In Fawlty Towers, Polly is the foil, the normal, reasonable grounded character who heightens the comedy by her reactions - and often the guests are foils too. Polly also gets embroiled in Basil’s schemes as a reluctant co-conspirator. Here’s how Fawlty Towers breaks down - and note here that the central boss, striver, fool and foil can be supplemented by characters in the wider ensemble who also fall into these slots.

Fawlty Towers

BOSS – Sybil (and often guests too and also hotel inspector/ reviewer/ public health official).


FOOL – Manuel (and others – eg the Major)

FOIL – Polly

In a more recent hotel based comedy drama, in the first season of White Lotus, among the ensemble, Jennifer Coolidge’s Tanya is our main fool – she is the Manuel/ Baldrick of the piece. Among the strivers are Shane and Quinn. And we have a crucial foil – a character who is often at one remove and reacts to the craziness – in the form of Shane’s new wife Rachel. A boss is Nicole, the successful executive, and interestingly the ostensible servant of the guests Armond, is actually a boss due to the power he has over them all. And here’s how another hour long comedy drama about the super rich, Succession, breaks down:


BOSS: Logan Roy

STRIVERS: Kendall, Roman, Shiv, Connor

FOOLS: Greg, Connor


Tom is definitely a brilliant dysfunctional comic character, but he does come from a more normal background and is a Polly-like character in that he gets embroiled in the schemes of the others, hence me seeing him as a foil. All characters need to be driven by some kind of goal, and where a foil is so central to the narrative as Tom is, you might usefully think of them as a striver-foil. Sometimes your main protagonist is a striver-foil. Donald Glover's character Earn in Atlanta, for example, is the protagonist but he is also the more normal, grounded one reacting to and having to deal with all the crazy people around him, so I look on him as a striver-foil.

Earn of course has a great double-act with the rapper he manages, Paper Boi. Similarly in Succesion Tom has a wonderful double act with Greg. And Greg is another great example of fool who isn’t stupid. It’s his naivete and awkwardness that make him so. And really with his drive to succeed despite all his limitations, he is something of a fool-striver as is Connor with his totally unrealistic goal of becoming president. Certainly in a bigger ensemble it can be helpful to hyphenate in this way.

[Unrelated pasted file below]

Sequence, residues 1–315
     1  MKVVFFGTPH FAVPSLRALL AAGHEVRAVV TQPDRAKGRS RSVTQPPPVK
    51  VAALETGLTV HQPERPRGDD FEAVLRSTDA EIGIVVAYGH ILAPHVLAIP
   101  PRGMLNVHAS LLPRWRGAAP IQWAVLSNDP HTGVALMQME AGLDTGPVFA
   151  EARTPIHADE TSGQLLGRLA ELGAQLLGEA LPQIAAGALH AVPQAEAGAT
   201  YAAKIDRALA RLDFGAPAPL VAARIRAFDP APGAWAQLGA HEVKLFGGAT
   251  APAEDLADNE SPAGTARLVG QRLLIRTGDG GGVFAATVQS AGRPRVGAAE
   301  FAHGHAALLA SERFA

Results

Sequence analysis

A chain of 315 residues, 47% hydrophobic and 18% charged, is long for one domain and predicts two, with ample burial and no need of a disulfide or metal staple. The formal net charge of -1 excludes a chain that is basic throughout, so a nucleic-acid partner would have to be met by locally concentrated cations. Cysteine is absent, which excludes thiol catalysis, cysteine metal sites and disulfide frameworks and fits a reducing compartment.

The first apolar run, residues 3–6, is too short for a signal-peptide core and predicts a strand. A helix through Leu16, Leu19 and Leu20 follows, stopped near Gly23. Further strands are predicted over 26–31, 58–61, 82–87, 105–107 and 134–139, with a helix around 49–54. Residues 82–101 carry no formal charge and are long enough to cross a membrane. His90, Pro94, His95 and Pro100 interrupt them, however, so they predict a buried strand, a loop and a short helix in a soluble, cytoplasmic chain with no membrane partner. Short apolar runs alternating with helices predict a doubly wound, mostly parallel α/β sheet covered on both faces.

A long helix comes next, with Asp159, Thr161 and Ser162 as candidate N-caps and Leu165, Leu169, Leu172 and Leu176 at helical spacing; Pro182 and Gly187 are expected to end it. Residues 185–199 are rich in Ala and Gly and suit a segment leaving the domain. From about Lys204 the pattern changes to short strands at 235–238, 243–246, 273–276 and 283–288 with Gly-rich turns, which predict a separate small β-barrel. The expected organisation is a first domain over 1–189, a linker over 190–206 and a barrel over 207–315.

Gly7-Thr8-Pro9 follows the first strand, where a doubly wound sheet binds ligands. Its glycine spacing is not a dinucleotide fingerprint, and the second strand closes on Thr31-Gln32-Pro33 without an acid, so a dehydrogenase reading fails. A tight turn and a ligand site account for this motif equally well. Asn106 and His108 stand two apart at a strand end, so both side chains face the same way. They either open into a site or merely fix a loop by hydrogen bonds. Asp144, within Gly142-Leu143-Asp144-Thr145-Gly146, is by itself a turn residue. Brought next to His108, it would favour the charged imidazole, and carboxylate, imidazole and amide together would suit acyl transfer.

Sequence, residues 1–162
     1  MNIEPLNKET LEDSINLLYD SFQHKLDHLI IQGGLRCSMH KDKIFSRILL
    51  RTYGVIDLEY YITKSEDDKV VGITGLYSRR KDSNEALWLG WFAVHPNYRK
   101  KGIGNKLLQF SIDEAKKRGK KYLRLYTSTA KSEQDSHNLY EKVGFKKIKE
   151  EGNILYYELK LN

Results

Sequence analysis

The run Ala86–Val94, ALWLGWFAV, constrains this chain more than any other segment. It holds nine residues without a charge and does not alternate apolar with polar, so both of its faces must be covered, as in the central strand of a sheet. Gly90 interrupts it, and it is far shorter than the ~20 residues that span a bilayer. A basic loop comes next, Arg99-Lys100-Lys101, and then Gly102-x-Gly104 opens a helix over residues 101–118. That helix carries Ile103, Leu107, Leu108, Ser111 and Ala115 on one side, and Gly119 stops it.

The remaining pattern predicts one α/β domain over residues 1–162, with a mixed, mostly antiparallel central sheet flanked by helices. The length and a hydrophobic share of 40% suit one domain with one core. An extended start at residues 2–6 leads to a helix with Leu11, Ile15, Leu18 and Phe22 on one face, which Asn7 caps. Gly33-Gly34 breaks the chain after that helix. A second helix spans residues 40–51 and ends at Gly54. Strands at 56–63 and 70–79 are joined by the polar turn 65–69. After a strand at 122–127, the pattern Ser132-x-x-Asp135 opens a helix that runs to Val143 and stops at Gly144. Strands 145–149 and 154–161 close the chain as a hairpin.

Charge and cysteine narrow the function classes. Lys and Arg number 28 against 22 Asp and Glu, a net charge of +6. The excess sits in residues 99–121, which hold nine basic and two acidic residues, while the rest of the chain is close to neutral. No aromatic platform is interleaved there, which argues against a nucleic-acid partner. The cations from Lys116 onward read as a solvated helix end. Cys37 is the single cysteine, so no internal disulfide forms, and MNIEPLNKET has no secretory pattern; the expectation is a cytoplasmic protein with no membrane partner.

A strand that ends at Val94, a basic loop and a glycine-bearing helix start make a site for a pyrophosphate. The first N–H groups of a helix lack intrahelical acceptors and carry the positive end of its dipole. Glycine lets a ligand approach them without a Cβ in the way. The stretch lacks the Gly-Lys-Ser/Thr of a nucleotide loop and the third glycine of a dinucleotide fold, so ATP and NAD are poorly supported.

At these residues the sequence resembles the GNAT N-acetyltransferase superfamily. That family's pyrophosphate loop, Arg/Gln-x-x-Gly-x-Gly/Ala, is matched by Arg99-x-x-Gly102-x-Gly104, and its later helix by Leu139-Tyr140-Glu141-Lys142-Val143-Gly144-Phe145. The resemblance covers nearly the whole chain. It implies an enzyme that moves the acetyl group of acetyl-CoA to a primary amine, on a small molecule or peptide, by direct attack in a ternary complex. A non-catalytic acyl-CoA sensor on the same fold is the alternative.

Returning to the world of classic sitcom, here’s how the second Blackadder series breaks down:


BOSS – Queen Elizabeth I

STRIVER: Blackadder

FOOL: Baldrick/ Percy

FOIL: Lord Melchett (also striving for preferment at court and a rival for Blackadder)

Baldrick of course is an absolute classic ‘fool’ and Greg is the ‘Baldrick’ in Succession. And funnily enough, Roman is a Blackadder: the smart, cynical one who is totally uncensored and is happy to upset people. Let’s try and extend this parallel with Blackadder II. Of the other main characters, Kendall is Melchett and Shiv is Kate, but without the sexual attraction to Blackadder/Roman of course – although Roman creepily plays with the possibility. Back in the fool territory Connor is Percy and the boss, Logan Roy, is Queen Elizabeth I! If we jump to Blackadder Goes Forth, Tom is Darling! We’ve either discovered a hidden inspiration here, or more likely this simply illustrates how fundamental this dynamic is.

As you develop your own sitcom characters ask yourself: Who is the big comic character at the heart of the show? The absurd or badly behaved or eccentric focus of it all. This is your main character, the striver.

Then ask yourself who is the boss? The boss is the one who is in charge by dint of their role, position in the family or simply because they are the alpha figure. The key to the comedy is that they are dysfunctional authority figures. At the opposite end is the fool. You can also look at the wider ensemble of characters in the same way (for example all the ghosts in Ghosts are either bosses, strivers or fools) and you might even find it useful to hyphenate – for example, striver-foil.

And once your characters are set up, you can forget about these categories and just engage with them as characters. If at some point, the relationships between the characters have stopped working you can return to this as a model to diagnose what might be wrong.

Have a look at my lastest comedy scriptwriting courses and I also offer one-to-one coaching.